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How you identify politically is a big part of who you are and how people see you. Unfortunately, with politics being such a hot topic and the ability to be polarizing, a lot of stereotypes and assumptions appear with whatever party you select.

There are many different parties, however, Democrat and Republican are the two that stand above the rest. I identify as a democrat and am proud to be one. When I tell others that I am a democrat, a lot of people automatically assume a variety of things. Some of the main assumptions that people make about me as a democrat are;

I want to take away your guns

I support killing babies

I am overly emotional and sensitive to everything that goes on in the world

I don’t support our soldiers

I don’t know what it’s like to work and I rely on the government to take care of me

A lot of these stereotypes come from misinformation and stories of far left people who are also misinformed and hide behind a political party to express their true feelings. What people don’t take the time to realize is that I don’t believe any of those things. I am against guns, however I don’t want to take away your guns, I just want stricter gun laws so we can protect our country. I don’t support killing babies, but I also don’t believe that it is your choice to choose what another woman can do with her body. All of these stereotypes are overreactions to what most democrats actually believe and what we value.

I do believe there is a bit of truth in each stereotype. For example, when people think democrats believe the government should take care of them, we don’t believe the government has to completely take care of us, but they should have some input. Most democrats believe the government should have involvement and help with living. Everyone should have the accessibility and right to have shelter, food, clothes, water and basic living needs. However, if someone wants a mansion instead of a small home or apartment, they should have to work for it. The government should not be responsible for providing luxury, but basic necessities that one needs. By diving deeper and finding the true perspective on a specific stereotype, people realize we are more alike than different.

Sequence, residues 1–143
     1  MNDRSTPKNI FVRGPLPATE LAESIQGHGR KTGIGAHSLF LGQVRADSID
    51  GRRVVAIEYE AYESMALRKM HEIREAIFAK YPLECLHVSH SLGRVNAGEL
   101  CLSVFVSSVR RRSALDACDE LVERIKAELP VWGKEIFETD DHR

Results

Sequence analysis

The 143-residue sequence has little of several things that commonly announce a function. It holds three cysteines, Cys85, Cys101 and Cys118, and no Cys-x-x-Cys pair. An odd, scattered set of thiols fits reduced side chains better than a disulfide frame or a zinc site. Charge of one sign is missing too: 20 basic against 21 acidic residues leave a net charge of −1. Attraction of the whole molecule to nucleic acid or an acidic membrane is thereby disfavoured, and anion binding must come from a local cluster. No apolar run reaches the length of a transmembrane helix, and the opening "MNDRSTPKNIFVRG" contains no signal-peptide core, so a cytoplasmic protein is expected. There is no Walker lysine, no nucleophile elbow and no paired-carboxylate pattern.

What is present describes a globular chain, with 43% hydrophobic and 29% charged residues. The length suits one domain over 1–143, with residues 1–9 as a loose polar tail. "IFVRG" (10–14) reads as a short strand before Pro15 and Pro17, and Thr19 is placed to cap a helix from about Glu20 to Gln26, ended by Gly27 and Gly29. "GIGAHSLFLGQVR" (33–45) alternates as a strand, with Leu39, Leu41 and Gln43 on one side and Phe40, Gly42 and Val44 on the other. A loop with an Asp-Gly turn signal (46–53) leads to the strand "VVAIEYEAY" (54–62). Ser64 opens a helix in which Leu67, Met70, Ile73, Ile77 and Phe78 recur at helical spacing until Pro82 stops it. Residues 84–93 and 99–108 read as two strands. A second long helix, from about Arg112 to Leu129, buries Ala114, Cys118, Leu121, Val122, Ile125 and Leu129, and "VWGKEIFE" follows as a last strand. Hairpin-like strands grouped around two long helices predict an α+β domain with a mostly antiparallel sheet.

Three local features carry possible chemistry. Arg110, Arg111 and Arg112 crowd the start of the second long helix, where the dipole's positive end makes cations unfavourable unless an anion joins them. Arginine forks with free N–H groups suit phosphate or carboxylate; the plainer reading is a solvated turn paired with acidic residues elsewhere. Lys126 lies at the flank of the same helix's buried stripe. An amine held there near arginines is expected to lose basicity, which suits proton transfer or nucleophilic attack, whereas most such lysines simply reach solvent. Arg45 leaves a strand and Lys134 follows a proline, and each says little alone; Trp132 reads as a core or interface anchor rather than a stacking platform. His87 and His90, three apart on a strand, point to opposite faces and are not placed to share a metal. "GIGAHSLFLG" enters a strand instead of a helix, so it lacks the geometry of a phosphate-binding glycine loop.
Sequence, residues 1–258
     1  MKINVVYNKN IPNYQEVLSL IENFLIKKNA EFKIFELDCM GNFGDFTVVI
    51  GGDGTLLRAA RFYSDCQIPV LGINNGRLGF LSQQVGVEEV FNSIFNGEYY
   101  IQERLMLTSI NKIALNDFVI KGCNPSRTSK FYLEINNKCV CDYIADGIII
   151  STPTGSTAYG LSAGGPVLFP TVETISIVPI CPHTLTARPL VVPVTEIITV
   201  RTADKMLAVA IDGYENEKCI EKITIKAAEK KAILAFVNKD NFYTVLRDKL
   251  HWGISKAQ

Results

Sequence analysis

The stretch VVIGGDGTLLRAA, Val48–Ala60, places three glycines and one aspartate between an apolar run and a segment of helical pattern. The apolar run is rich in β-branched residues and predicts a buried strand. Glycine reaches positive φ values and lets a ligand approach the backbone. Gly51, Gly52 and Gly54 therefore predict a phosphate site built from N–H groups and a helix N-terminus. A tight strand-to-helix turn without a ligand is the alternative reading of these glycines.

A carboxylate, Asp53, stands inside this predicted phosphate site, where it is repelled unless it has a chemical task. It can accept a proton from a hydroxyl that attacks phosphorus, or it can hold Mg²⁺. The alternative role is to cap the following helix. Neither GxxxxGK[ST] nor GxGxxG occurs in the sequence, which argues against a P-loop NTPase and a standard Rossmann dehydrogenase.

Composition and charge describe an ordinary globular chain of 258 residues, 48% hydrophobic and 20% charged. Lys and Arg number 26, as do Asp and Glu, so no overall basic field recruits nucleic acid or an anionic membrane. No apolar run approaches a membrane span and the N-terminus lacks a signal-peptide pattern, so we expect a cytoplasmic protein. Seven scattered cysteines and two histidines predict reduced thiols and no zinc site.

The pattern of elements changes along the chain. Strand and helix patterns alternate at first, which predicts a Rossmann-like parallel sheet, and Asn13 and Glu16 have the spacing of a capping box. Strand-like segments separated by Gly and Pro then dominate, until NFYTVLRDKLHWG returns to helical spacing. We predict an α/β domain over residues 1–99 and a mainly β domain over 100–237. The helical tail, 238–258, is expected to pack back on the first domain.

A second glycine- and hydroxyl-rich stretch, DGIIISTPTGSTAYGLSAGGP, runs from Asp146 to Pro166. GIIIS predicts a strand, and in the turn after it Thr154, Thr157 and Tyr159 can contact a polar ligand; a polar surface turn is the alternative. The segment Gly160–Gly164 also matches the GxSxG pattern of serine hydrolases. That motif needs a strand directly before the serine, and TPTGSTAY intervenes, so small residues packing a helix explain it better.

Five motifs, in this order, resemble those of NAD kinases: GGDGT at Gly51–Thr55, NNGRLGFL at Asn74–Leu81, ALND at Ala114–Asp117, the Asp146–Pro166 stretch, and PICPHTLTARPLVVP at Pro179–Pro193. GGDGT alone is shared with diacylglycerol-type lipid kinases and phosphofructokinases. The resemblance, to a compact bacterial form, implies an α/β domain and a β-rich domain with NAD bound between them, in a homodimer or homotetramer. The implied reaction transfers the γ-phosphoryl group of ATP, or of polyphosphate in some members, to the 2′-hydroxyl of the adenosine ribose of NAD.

Luckily at Oregon State University, we have a fairly accepting community. We try not to assume identities and project stereotypes on others, but we can still do more. With the next presidential election coming up, I believe that communication is key to keeping debates civil. OSU could host debate events to provide a safe, civil space where people of any party can come discuss their values and ask questions of others. Something else OSU could do to improve political relationships is by bringing awareness to political stereotypes. Hosting talks, presentations, and other politically themed events can help showcase the problem we have with stereotypes and how to fix it.

With our previous 2016 election and the 2020 one coming up, political stereotypes and hatred against people of those parties is higher than it has been in a while. Trump being in office has allowed people to become further right or left creating a bigger divide in our country. If you voted for Trump or didn’t, many people automatically made assumptions about you. Relationships were destroyed, debates became more heated than need be and overall created a separation in society. I predict that the next election will become more violent, hateful and full of passive listening because each party is so focused on being right and having their way be the only way. In order to bring back the unity and respect to the people of our country, we need to set aside our differences, focus on our similarities and find a candidate that has the country’s future in their best interest.   

By taking the time to discuss what is confusing you about a political stance rather than making an assumption, you can build relationships between the two different parties. Keep in mind how you view others based on how they vote. There is more good to come from it than bad.

 

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